What are you waiting for?
Isaiah 64:1-9 and Mark 13:24-37
A sermon preached by the Rev. Adrienne Koch at the Cheshire House, Dec. 3, 2017
“What are you waiting for?!”
Have you ever used that phrase?
I’ve heard it this holiday shopping season—parents in the store, arms full of unexpected on-sale purchases, feet rushing toward the door, neck craning back over a shoulder because the child is not keeping up
“What are you waiting for?” the parent howls in frustration while the child stands in the check-out lane, eyes transfixed by the brightly colored wrappers and sugary delights of the candy rack.
As adults, we don’t care much for waiting, do we? According to research, “Americans spend roughly 37 billion hours each year… waiting…”
Picture yourself in a room, uncomfortably seated in a small metal chair covered with a thinning layer of gray fabric. The vending machine, full of snickers bars and skittles, hums steadily beside you underneath the harsh fluorescent lighting. Repeat episodes of Judge Judy or the Jerry Springer Show roll on as a tattered stack of magazines, slumped from careless overuse, slowly slides into your Styrofoam cup of stale coffee. What are YOU waiting for?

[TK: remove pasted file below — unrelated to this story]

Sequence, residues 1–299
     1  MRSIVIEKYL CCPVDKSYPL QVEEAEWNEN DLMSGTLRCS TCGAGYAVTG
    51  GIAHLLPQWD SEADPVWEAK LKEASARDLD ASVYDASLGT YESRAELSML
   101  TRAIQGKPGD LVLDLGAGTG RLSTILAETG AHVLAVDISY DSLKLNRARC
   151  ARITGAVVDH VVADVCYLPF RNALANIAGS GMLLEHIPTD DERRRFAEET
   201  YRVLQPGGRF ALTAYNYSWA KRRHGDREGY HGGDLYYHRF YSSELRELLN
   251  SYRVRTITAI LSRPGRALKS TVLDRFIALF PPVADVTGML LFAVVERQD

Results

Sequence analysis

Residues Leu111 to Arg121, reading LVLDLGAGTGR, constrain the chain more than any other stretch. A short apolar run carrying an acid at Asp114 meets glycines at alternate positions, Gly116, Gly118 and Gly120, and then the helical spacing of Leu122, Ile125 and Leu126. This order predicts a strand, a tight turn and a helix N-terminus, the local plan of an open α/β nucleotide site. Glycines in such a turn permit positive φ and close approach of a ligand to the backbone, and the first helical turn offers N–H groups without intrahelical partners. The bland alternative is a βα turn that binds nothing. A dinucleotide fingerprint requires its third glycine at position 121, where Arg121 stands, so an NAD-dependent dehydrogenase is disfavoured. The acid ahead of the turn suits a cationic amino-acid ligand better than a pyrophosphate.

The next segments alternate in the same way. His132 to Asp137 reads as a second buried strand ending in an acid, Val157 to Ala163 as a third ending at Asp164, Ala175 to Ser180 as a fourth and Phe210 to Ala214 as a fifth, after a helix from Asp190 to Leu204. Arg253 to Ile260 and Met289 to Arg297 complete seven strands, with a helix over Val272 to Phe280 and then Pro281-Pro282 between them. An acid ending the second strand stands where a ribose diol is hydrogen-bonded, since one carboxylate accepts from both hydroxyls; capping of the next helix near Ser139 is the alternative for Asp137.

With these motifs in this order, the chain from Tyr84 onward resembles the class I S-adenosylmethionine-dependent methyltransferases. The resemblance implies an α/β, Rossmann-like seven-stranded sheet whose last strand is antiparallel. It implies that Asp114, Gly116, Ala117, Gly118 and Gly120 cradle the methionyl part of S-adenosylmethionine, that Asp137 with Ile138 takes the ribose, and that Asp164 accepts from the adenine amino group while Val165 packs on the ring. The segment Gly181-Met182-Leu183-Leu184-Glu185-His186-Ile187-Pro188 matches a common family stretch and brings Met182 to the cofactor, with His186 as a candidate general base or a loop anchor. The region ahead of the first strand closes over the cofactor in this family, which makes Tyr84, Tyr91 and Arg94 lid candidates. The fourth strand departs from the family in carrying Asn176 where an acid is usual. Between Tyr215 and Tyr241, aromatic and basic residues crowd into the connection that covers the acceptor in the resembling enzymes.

Is it an oil change, a dentist appointment, a photo ID, a medical diagnosis, a passport, a white plastic bag with “THANK YOU” written a dozen times in bold red letters carrying tonight’s dinner of Kung Pao Chicken and Crab Rangoons?
What are you waiting for?
We wait a lot over the course of our lives, sometimes in anxiety, sometimes in hope, and sometimes… just… waiting.
And so we zone out. We try to occupy our minds or our fidgety feet with something,
anything really, to “pass the time,”
as they say, as if we had any control over time’s coming and going.
We grab the magazine, we eat the candy bar, we do what we can do to stave off the uncomfortable emotions triggered by waiting: “stress, boredom, that nagging sensation that your life is slipping away.”
Is that why waiting is so hard for us? Stillness seems to trigger existential anxiety about our lives and our deaths—will we achieve all that we strive for? Will we ever feel as though our deepest desires have been met?
Maybe we don’t like waiting because it reminds us that we don’t yet have what we want, or even what we need. Waiting reminds us of our powerlessness. We cannot make happen everything we want to happen in life:
We can’t always buy the good car or cure the sick, we can’t make someone call or write or visit us, we can’t make time move any more quickly or slowly; we are unable to do and have whatever we want exactly when we want it.
There are limits to our power. Waiting reminds us that we are not in control, that we are not God – not even close.
“From ages past no one has heard, no ear has perceived,
no eye has seen any God besides you, who works for those who wait for him.”
These are the words of Isaiah from today’s Old Testament reading.
Sometimes we think, “if I don’t do it, no one will, because deep down we believe that it’s not okay to wait on anyone else for anything that we really need.”